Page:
The 2019 Best New Chef's next act—a cozy sake bar with a fermentation-focused menu—is modeled after eighteenth-century Japanese liquor stores. 


Kamonegi introduced Seattle to small piece of Japanese culture,” says chef Mutsuko Soma of her acclaimed Seattle soba restaurant. But when a second space opened up in the Fremont building where she rolls out the buckwheat noodles each day, she decided to teach the city about another aspect of Japanese culture: sake drinking.

The tiny space that will be Hannyatou, which opens on May 7, isn’t big enough for a restaurant—there are only 20 seats, total, inside: seven at the bar and 13 at tables—so Soma modeled it after Japanese liquor stores, specifically those from the Edo period. The term “izakaya,” which is widely used in the U.S. to describes Japanese small plates restaurants, she explains, actually comes from these liquor stores that opened beginning in the eighteenth century. In addition to selling sake, customers were invited to “stay for a drink,” the literal meaning of izakaya.

Hannyatou will offer about 20 different sakes, by the glass, in flights, and by the bottle (which, since Washington State law classifies it as a wine, you can take home if you don’t finish). But because sake is so food-friendly, and because Soma now has a large back patio to use for fermenting projects (and which doubles the seating on nice days), there will also be a short menu of fermentation-focused foods.

She’s been making natto (fermented soy beans) in-house at Kamonegi, but the extra room will allow her to start making a variety of vinegars, her own miso and tofu, pickled vegetables, and more. The menu will include oysters, miso-marinated pork, and even an ice cream made from sake kasu. Better known for its use in seafood marinades, the kasu is the lees, or solids leftover, from sake production, and Hannyatou will bring it in fresh and unpasteurized (so that it breaks down foods when used in marinades or pickling) from local producer Tahoma Fuji. Having food with sake is important, Soma explains, because the umami flavor in sake is “unlocked by salt.”

But you don’t need to come in knowing anything about sake: Soma and her partner in Hannyatou, Russell King, are ready to help educate customers about the drink. King was a regular customer of Soma’s when she was the chef at Miyabi 45th, prior to opening her own restaurant, and started helping with events at Kamonegi. In March, he left his job at Microsoft after 26 years to work full time at Hannyatou. Thought he hasn’t worked in sake in the U.S., he’s spent significant time apprenticing with producers in Japan over the last six years and holds a WSET level three in sake. (Soma holds the level three in wine and hopes to have it in sake shortly, but she is certified by the Sake Sommelier Institute.)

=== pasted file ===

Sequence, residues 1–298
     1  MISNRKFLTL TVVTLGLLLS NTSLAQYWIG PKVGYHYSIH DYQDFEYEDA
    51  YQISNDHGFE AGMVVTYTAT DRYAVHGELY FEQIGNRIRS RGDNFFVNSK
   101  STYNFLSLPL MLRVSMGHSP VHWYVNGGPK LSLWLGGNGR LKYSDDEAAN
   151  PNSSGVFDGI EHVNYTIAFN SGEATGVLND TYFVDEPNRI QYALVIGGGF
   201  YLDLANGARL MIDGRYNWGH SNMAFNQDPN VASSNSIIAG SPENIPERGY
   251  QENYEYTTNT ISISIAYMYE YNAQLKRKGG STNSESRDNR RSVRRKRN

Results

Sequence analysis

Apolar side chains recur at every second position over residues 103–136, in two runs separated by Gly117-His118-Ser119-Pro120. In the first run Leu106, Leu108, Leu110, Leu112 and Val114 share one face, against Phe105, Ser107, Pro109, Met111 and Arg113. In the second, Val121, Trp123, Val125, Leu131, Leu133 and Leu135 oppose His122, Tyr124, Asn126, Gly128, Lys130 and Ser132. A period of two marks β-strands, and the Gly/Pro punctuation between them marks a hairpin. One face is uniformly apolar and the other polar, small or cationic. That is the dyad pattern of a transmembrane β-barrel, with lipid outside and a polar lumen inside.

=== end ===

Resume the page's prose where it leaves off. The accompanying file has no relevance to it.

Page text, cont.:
“Sake is so simple,” says King, noting that the concoction of rice, water, koji, and yeast is vegan and gluten-free. But yet, it ends up in so many different forms and taking so many flavors. Through flights, the pair can demonstrate the spectrum from mizumoto, the original style of sake, with its unadutered funkiness, to the richer, slightly more refined yamahai, and onto the current trend toward ultra-floral yeast of junmai daiginjo.

While drinkers might be familiar with cedar sake cups called masu, those were actually originally the measurement standard for purchasing sake. For the best educational experience, Hannyatou also has wide tasting cups that allow for better smelling, decorated with concentric blue circles on the bottom of the inside to help tasters eyeball the color and clarity.

But if you’re not ready to study yet, Soma and King have fun bottles ready to get people excited about sake. Soma suggests starting with the slightly effervescent, faintly sweet, and extremely easy-to-drink Kaze no Mori, while King hopes to bust through any preconceived notions about the drink with the almost yogurt-like funk of the Kamoizumi Komekome-shu.

Besides sake, the bar will serve only Japanese craft beer and one bottle of sparkling wine. King’s hope is that by restricting the offerings, they’ll hone their ability to find each customer the exact right sake as they encourage them to learn more about the drink—which very much befits Hannyatou’s name. When sake came to Japan from China, King explains, it came as part of funeral rites, so it was made by Buddhist monks. But because of their restrictions, the monks couldn’t drink the fruits of their labor. They got around that by renaming the sake. They weren’t drinking alcohol, they were drinking hannyatou: “wisdom water.”

Hannyatou, 1060 N 39th Street, Seattle.